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Antiseptic used in WWI could hold key to treating superbugs, viral infections, Melbourne researchers say

ABC News logo ABC News 28/11/2016

The antiseptic was replaced by penicillin after being widely used in WWI © AWM: P03236.348 The antiseptic was replaced by penicillin after being widely used in WWI An antiseptic used to treat wounds during World War I that has been out of use for more than 50 years could help fight superbugs and prevent future pandemics, Melbourne researchers have said.

The team from the Hudson Institute of Medical Research found that pre-treating people with Acriflavine protected cells against the common cold by triggering an anti-viral immune response.

The antiseptic, which is made from coal tar, can help prevent viral infections and cure bacterial ones. Researcher Dr Michael Gantier says it was originally used to treat wounds and "sleeping sickness" in soldiers during World War I.

"It's repurposing something that has been around forever. It's not really around anymore because people didn't understand how it worked," he said.

"It was replaced afterwards by penicillin, but we think that with new bacteria [that are] more and more resistant to treatment it may do a comeback.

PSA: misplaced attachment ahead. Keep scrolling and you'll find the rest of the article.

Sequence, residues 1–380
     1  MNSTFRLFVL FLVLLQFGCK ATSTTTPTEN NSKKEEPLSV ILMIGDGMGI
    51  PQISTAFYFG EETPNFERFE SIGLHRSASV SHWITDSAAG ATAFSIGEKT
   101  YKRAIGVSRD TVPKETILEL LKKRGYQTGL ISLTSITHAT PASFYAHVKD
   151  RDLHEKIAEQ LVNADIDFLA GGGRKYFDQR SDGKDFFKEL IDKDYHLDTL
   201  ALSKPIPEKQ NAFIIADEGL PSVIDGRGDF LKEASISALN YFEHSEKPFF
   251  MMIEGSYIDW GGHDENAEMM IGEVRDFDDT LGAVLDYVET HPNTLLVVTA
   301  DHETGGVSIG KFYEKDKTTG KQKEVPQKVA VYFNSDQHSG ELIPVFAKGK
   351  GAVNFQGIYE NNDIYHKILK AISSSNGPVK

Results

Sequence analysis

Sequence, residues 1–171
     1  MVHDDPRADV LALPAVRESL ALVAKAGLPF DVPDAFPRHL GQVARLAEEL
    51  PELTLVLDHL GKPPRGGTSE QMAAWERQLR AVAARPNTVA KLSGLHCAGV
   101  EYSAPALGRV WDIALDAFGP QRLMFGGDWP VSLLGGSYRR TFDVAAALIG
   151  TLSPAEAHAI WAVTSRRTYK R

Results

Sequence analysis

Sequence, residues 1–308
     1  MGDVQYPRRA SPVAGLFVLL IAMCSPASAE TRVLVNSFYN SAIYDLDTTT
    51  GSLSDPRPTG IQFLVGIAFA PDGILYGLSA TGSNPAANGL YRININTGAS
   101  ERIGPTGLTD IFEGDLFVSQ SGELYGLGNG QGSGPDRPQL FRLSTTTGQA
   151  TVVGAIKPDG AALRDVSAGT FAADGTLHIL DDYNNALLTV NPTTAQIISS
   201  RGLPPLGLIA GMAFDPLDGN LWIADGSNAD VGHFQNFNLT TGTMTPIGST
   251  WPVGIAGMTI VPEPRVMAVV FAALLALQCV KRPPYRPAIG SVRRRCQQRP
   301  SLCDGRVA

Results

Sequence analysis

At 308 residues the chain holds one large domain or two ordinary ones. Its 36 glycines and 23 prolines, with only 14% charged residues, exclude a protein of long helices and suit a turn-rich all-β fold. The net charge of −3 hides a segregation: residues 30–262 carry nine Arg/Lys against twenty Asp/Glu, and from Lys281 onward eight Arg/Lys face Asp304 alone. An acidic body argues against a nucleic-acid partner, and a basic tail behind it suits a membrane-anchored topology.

"It's very cheap to make, it's not something you would make if you were a private company trying to make money on drugs."

Antiseptic gives patients 'a head start'

The World Health Organisation has warned of a potential global crisis from the increase in antibiotic resistant bugs, or superbugs.

Dr Gantier said those who were pre-treated with the antiseptic were given an edge over infections.

"So when they've got a head start for when the infection kicks in, they are better off because they've already been primed and they will be able to fight better," he said.

"We can apply that to people who are resistant to every treatment and that could still have some benefit for them.

"If there was a new pandemic coming like the Spanish Influenza, which killed more people than the first world war, we may be able to protect people for which we've got no other drugs."

At the moment the drug is still being studied and has yet to be used in clinical trials.

"I guess [going back to] this drug which has been used before in humans is potentially easier than making a new drug," he said.

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